• Victoria
    2019-02-12 08:58

    Some books are to be returned to again & again, and this is one of them. I picked this up in a charity shop and I had no idea what to expect from it. I quickly fell in love with John's reflections and deep insights, drawn from the Celtic way of life; his simple, honest and engaging writing style; and his ability to conjure up vivid imagery and analogies to transmit his wisdom in a way that is accessible to anyone. His humility, understanding and love of life come through on every page, as well as the solace and inspiration he found in the Irish landscape. There is so much in this, it is hard to capture it in a few words, but it is simply a source of impeccable wisdom from a beautiful soul.

  • Emily
    2019-02-06 07:43

    This is my fourth John O'Donohue book, and I'm continually amazed at the depth and breadth of wisdom his books encompass. Reading them is like reading a long, beautiful prayer. It is so sad to think he died so young. Highly recommended for anyone wanting to understand their place in the world.

  • Lcord
    2019-02-17 06:42

    One of those books I've read and reread. John O'donohue had such a beautiful soul. So sad that he died so young. He had much to teach and share

  •  Julie
    2019-02-01 06:58

    a wonderful meditation read

  • Laura Uplinger
    2019-02-15 05:51

    A soulful symphony of thought. An essential read for those who love flights of freedom in the realm of longing and belonging.

  • Angela Joyce
    2019-02-18 08:55

    This is an extraordinary work. The man possessed unusual insights and had such a way of expressing them. I'm sorry there won't be more books from him, but I intend to read all his existing work.

  • Myat Thura Aung
    2019-01-26 05:02

    These celtic spiritual reflections on Longing and Belonging are poetic, lyrical and at times mystical in a beautiful way … BUT ,of course , contains pseudo-profound mumbo jumbos and fallacious arguments based on emotion (not a surprising thing as the author holds the inner sense and emotions [inner wisdom] sacred and modern logical analysis rather mechanical and too shallow )

  • Lise Pomerleau
    2019-01-21 01:48

    My favourite O'Donohue yet. As I read, I kept thinking how sad it is that he died so young. Taken too soon. So much depth, power and beauty in this book. A treasure-trove of meaning and messages for the soul. I have post-its throughout. I will read it again and again, I am sure.

  • Rob & Liz
    2019-01-30 04:42

    This is a book that can not be rushed through. I read it almost like meditations. John O’Donoghue was so wise and understood spirituality.

  • Laura Luzzi
    2019-01-22 01:44

    This man hypnotizes me with his words. His deep knowledge of the human condition is stunning. I yearn to hear more. What a great lose that he is not here to teach us more.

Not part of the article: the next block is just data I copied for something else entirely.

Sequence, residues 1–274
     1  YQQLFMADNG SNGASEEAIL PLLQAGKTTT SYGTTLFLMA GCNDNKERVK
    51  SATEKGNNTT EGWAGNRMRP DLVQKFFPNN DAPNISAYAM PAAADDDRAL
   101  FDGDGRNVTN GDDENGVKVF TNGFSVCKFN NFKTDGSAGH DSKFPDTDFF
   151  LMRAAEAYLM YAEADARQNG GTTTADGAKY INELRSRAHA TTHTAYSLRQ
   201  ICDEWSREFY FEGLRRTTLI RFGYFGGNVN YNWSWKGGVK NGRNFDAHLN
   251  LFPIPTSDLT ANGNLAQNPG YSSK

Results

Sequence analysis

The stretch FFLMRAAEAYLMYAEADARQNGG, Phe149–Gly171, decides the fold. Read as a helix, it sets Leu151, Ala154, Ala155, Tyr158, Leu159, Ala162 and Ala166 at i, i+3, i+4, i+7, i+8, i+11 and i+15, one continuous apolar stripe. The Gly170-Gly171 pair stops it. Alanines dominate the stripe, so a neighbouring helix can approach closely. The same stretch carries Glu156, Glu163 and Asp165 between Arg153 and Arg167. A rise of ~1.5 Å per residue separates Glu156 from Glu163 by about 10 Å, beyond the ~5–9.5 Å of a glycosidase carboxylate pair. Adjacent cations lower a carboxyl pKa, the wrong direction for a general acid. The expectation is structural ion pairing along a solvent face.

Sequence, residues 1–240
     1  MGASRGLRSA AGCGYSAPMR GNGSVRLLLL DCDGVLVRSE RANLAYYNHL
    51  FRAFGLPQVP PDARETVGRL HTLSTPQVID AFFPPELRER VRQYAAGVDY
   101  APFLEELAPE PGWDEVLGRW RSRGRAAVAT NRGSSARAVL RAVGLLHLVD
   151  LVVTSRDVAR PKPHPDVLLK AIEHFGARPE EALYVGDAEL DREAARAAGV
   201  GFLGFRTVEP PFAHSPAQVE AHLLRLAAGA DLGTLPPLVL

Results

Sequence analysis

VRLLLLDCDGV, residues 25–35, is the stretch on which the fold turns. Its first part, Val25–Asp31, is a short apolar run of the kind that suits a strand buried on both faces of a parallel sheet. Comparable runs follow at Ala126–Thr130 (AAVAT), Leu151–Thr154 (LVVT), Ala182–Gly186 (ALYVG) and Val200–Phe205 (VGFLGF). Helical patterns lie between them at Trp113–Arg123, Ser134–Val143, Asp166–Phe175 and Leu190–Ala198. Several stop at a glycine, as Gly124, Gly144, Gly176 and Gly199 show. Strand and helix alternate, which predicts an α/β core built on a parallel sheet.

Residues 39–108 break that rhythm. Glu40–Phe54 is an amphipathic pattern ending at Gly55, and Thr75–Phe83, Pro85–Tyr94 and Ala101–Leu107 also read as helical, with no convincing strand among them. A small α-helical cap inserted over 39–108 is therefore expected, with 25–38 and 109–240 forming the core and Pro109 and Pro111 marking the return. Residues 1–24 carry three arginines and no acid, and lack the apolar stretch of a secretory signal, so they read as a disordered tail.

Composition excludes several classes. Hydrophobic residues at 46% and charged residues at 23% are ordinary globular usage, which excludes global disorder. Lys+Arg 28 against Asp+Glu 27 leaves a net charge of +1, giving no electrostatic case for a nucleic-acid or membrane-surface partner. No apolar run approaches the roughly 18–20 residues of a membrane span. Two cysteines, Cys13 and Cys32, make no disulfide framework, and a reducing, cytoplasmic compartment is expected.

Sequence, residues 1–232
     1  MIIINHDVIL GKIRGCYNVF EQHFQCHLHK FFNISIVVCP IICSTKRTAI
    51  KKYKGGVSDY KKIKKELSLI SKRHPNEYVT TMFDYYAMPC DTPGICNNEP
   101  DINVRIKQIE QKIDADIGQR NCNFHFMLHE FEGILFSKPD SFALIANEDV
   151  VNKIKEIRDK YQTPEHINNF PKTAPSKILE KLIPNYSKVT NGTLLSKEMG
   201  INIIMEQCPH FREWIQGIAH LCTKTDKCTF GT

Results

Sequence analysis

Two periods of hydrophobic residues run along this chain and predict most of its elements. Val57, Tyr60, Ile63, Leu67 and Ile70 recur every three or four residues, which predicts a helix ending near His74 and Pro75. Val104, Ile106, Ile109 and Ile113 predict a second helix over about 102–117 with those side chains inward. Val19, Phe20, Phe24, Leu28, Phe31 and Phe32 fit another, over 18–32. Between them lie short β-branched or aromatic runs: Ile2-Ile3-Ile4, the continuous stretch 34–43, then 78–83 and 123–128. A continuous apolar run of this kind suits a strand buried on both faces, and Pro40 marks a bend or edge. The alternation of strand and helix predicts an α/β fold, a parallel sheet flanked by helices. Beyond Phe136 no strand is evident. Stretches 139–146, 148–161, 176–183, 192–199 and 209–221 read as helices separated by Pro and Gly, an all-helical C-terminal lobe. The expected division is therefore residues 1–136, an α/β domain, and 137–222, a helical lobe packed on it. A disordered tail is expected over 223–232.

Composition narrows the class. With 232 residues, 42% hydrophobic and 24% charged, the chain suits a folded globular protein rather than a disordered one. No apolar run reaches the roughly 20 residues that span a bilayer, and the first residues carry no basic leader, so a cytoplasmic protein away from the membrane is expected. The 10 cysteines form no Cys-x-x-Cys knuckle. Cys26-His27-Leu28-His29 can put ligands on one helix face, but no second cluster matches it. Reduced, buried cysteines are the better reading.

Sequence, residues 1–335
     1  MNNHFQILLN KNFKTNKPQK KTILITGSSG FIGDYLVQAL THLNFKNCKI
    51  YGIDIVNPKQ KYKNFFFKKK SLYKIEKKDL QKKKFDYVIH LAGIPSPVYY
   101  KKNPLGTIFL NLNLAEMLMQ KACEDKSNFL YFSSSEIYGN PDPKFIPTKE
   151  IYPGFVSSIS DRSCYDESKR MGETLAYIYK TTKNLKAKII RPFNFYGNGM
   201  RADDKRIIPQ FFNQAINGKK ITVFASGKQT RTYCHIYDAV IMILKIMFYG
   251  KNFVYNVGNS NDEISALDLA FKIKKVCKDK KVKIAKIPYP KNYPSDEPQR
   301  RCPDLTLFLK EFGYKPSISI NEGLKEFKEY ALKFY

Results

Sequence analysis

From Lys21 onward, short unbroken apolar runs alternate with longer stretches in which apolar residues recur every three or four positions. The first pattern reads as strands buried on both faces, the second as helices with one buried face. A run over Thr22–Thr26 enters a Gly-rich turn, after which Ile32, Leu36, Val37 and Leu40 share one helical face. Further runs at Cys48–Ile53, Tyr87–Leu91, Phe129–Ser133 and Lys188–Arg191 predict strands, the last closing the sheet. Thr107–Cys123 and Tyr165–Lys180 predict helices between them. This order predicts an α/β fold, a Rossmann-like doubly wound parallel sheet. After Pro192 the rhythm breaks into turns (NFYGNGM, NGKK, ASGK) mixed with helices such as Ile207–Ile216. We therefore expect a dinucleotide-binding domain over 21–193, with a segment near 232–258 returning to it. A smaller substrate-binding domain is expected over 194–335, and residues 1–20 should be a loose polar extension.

• Alison
    2019-01-20 05:47

    I love John O'Donohue, and it is hard not to love his work. But as with any love relationship, one must exercise virtues of patience with qualities not fitting of their idealized image of the love object. John's writing can be so richly textured and thick that it at times must be taken in small doses. The beginning of the book had me enthralled, and I wonder if this was due to starting it at a time when I was overtaken with longing; a significant time of transition in which I was in need of explanation for the aching in my heart and soul. For these deep questions O'Donohue is a master and wise counsel; a voice in the wilderness. But the poetical waxing and waning when one is not fully ready to engage in this matter can be a bit daunting and at times cumbersome. I meandered through the last two thirds of the book, finding inspiration once again towards the end. I consider his work to be like a meditation; an exercise in mindfulness and depth. I've actually started re-reading it and am already underlining new sentences; gleaning jewels that escaped me the first time around. As with any love relationship, when it is good, it doesn't get any better.

  • Christopher Marcus
    2019-01-21 06:57

    This is not as good a book as Anam Cara, which was nearly perfection incarnate if you are looking for a combo of practical wisdom, philosophical reflection and poetic beauty. But it comes close. I bought this one when my father-in-law had died and I am reading it again now that my mother has cancer - again. John's words aren't particularly focused on death and illness, although these are topics he does not shy away from. But his words are just there - for all life situations - to reveal the inner light in all things, if I may put it so. He simply makes you feel beautiful and uplifted inside, when you read what he has to say about life, love, death, longing and all the other threads in the tapestry of our journey.

  • Anita Zinn
    2019-02-19 08:52

    10-31-12I was touched by this author's way of expressing our deeper thoughts.Martins 1.Somewhere, out at the edges, the nightIs turning and the waves of darknessBegin to brighten the shores of dawn.The heavy dark falls back to earthAnd the freed air goes wild to light,The heart fills with fresh, bright breathAnd thoughts stir to give birth to colour. 11I arise today..............Urgency of thought,Miracle of healthMay I live this dayCompassion of heart,Gentle in word,Gracious in awareness,Courageous in thought,Generous in love.